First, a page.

The UK has accessed a resource that may help to alleviate some of its fast-jet training difficulties, having signed up to the Nato Flight Training Europe (NFTE) High Visibility Project.
The Nato Support and Procurement Agency (NSPA) announced on 15 October that the UK and Germany were signing on to the NFTE project, which aims to leverage existing facilities across Europe to assist in the training of fighter pilots, helicopter and transport pilots, and personnel piloting aircraft remotely.
Airforce Technology understands that access to the NFTE will provide alternative flying training systems across Europe to increase the UK capacity, and that this is one of several mitigation procedures introduced to manage the impact of the Hawk T2 engine issues on the training pipeline.
The two new members bring the size of the scheme up to 12 participating nations: Belgium, the Czech Republic, Germany, Greece, Hungary, Italy, Montenegro, North Macedonia, Romania, Spain, Turkey and the UK.
While the UK will be among the largest air powers in the NFTE, and has significant training facilities, it also has a demand for fast-jet training that outstrips its supply. The UK has fallen short of its training requirement for fast-jet pilots in recent years, with a shortfall of 125 personnel per year between 2018 and 2019, according to a UK National Audit Office report, equating to 45% of the required number.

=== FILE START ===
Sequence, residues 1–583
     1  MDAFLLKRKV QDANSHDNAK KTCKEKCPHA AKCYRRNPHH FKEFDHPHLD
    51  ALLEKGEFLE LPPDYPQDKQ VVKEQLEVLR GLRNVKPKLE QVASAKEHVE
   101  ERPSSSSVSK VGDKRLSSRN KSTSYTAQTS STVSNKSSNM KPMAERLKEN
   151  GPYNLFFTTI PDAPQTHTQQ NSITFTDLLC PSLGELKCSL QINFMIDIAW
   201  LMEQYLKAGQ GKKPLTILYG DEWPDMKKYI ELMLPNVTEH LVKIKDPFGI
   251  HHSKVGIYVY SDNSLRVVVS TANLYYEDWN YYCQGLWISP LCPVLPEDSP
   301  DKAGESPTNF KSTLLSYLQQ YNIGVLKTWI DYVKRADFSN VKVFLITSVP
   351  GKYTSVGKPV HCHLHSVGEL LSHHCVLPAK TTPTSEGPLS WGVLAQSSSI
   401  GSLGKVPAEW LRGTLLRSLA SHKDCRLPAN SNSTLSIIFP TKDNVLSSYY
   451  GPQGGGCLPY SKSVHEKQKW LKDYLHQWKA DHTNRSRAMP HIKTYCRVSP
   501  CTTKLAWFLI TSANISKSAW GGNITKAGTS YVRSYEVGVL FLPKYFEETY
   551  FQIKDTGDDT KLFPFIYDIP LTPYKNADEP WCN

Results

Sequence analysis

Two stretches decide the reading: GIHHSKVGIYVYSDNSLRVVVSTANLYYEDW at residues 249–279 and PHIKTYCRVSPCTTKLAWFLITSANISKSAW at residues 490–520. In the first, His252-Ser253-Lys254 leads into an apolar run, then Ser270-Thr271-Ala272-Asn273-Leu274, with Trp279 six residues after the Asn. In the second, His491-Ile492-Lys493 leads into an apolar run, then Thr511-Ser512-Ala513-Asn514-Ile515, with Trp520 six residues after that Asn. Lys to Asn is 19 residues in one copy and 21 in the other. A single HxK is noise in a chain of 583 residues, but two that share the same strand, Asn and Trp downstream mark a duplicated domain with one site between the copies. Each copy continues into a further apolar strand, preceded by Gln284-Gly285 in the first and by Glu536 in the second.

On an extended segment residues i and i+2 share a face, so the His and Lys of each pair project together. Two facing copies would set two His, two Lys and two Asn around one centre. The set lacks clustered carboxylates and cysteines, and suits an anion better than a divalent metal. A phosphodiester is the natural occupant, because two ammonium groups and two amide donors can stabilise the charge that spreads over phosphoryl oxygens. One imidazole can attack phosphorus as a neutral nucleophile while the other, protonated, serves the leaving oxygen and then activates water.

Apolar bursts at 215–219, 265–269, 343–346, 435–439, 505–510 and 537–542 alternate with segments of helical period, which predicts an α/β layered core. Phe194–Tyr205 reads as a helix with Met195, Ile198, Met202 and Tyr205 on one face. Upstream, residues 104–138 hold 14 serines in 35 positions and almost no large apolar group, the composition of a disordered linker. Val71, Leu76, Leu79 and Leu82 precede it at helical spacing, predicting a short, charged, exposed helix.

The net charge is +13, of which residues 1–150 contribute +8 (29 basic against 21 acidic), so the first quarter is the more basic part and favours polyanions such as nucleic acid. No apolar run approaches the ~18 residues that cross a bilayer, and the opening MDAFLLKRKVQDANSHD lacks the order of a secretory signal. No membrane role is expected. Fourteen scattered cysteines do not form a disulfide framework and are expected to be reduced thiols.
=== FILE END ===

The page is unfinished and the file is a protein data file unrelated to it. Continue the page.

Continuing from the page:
In 2022 the UK had 27 short take-off vertical landing F-35B aircraft, but a combined total of only 33 pilots, including three on exchange from the US Air Force, US Marine Corps and Australian Royal Air Force.
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While UK fast-jet training is intended to take three years to complete, it has taken as along as eight years in some cases.
With schemes involving resource management between multinational partners, such as the Nato Movement Coordination Centre Europe, which is dedicated to maximising the utilisation of airlift and sealift capacities, the leveraging of assets and facilities is performed via a central broker. In this instance, the NSPA will act as a centralised broker between multinational partners that deliver and receive training, although the NSPA will also expand or potentially create new facilities where necessary.
NATO deputy secretary-general Mircea Geoană said: “The solutions will be considered across several European regions and will deliver a flexible approach to airspace management. They will help the Alliance to strengthen NATO’s air and missile defence capabilities. Close collaboration will be required between civil and military users of our airspace. This has also set an excellent example of close collaboration between our military forces and our civilian aviation colleagues.”